I’ve been thinking about this topic for a while now, because despite what some people may claim, I do not believe that we are all susceptible to cheating, given the “right” circumstances. On this topic, I can say without reservation that when it comes to marital infidelity, “there but for the grace of God, go I” does not apply to me; I couldn’t cheat, and I know it.
However, I do think that cheaters tend to have certain traits in common, none of which has much to do with anyone else but the cheater. That it is to say, no matter what the entertainment industry and even society at large may portray, choosing to cheat is solely an individual problem, not a relationship or significant other problem. I do understand that there may be marital issues that can lead to deep divisions if both partners are not actively committed to each other and to their marriage, but it only takes one partner to choose to disengage…and to expose the relationship and the unsuspecting partner to betrayal.
So, what do most cheaters have in common?
- Cheaters have poor self-esteem. They have holes in their emotional buckets and though they are probably unaware of it, cheating is all about attempting to make the cheater feel better. Have you ever listened to a cheater talk about what’s so great about the affair partner? They say things like, “She makes me feel wanted” or “He tells me I’m beautiful.” They might as well be saying, “In my mind, somehow I am not ‘enough’ and this person is willing to blow sunshine up my arse so I don’t have to be alone with myself and own my shit.” The AP could be anybody…who is willing to mirror whatever is lacking in the cheater. Because let’s be honest – good people don’t encourage those they love to be their worst self.
- Cheaters lack empathy. This one’s huge, because the ability to empathize would necessarily lead one to want to avoid hurting others, whether they are loved ones or random strangers. In a stunning (and devastating) example of this, my husband acknowledges that moments before he had sex with OW, he thought to himself that what he was about to do would hurt me…and then, -bam- the thought was gone and he did it anyway, easily and readily. On the flip side of this, when an old high school boyfriend of mine indicated that he would be open to arranging a business trip my way so he and I could “…spend some time together and catch up on things”, my immediate thought was that even if I were single (and I was not), and even if I were interested in “…catching up on things” with him (and I was not), his wife would be crushed if she ever found out. I was offended – NOT flattered – that he thought I might consider stooping that low, and disgusted – NOT flattered – that he had proposed it. This is the same guy whose wife shared on Facebook how much she adored her wonderful hubby, and yet…he seemed to be able to cast her aside rather quickly. Not so wonderful, right?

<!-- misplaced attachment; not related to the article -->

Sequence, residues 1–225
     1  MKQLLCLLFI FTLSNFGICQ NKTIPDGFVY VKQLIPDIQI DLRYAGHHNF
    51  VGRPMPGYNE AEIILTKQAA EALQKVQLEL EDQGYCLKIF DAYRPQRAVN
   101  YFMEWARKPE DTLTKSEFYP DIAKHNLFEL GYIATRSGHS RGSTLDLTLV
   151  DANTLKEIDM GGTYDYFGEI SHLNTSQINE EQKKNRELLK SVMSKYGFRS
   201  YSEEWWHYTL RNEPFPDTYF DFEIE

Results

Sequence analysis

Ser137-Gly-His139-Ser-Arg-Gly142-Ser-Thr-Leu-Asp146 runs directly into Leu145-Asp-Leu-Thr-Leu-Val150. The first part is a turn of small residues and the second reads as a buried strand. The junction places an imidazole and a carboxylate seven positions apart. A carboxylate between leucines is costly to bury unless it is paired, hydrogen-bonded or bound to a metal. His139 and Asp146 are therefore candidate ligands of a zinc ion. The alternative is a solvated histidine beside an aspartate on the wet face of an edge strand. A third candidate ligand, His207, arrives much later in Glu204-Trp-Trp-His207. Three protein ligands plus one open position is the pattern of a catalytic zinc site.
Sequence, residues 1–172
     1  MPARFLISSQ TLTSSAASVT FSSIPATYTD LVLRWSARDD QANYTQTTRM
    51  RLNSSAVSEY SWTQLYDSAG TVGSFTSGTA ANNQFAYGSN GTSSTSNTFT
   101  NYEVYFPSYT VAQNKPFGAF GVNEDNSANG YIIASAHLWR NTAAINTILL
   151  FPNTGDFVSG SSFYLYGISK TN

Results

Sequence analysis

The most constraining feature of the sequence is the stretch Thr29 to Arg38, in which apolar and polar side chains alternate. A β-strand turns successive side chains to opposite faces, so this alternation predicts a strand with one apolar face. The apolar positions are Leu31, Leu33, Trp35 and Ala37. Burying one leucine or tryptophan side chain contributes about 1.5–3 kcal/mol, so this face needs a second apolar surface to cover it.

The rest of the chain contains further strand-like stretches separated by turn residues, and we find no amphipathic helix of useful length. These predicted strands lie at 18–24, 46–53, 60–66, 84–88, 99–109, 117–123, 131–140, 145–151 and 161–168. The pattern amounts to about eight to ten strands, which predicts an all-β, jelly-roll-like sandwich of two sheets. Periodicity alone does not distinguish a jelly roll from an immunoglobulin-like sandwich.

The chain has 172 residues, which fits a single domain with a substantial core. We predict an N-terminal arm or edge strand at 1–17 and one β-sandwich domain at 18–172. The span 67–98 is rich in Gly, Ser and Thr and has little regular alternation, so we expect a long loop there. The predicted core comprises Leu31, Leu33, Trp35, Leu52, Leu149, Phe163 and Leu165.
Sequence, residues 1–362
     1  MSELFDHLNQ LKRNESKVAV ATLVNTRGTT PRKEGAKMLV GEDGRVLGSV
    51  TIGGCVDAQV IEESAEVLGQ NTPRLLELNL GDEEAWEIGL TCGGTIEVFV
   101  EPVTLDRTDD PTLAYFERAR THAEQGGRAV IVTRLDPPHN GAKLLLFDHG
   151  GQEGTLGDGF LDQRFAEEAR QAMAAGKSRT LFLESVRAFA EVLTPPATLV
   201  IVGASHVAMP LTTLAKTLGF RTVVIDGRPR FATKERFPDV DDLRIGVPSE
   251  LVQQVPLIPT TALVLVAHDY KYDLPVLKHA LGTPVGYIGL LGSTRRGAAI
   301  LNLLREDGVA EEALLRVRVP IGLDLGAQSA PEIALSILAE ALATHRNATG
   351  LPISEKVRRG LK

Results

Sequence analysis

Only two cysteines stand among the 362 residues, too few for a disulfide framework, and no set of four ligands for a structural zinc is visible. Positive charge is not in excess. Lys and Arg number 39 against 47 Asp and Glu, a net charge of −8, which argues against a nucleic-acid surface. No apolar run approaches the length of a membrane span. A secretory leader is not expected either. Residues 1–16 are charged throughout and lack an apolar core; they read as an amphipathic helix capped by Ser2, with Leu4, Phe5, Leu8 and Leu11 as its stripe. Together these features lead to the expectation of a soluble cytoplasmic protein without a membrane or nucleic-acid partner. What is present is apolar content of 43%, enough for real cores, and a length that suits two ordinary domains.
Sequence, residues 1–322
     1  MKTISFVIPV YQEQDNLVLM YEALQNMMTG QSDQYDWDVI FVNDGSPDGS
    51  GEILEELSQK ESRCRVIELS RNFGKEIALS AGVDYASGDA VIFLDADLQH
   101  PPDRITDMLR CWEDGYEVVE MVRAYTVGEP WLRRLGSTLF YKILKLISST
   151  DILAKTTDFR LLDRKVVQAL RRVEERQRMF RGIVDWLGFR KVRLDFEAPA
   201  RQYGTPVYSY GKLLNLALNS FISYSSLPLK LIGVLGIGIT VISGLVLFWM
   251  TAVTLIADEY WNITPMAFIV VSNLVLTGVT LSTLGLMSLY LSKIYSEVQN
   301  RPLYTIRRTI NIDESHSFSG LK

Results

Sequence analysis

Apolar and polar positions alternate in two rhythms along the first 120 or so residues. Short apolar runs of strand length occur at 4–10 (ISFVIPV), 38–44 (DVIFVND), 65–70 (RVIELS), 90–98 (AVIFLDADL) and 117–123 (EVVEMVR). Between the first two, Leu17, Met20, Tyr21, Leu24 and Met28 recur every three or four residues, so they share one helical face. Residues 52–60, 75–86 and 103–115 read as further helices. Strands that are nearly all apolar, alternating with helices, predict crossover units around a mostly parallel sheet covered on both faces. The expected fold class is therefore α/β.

- Cheaters lack boundaries. If you have to hide it, you shouldn’t be doing it, and if you need to be reminded of that, you’re already at risk. For a cheater, though, boundaries are …negotiable. Permeable. In infidelity circles, we talk about the slippery slope. Perhaps you start out by watching porn and getting off on seeing another woman or man naked. Or maybe you are frustrated because your job has hit a snag, and you get a coffee with a coworker, and talk to him about your troubles instead of your spouse. Every incremental step away from actions that honor your marriage and your spouse, is another boundary that you’ve allowed yourself to ignore.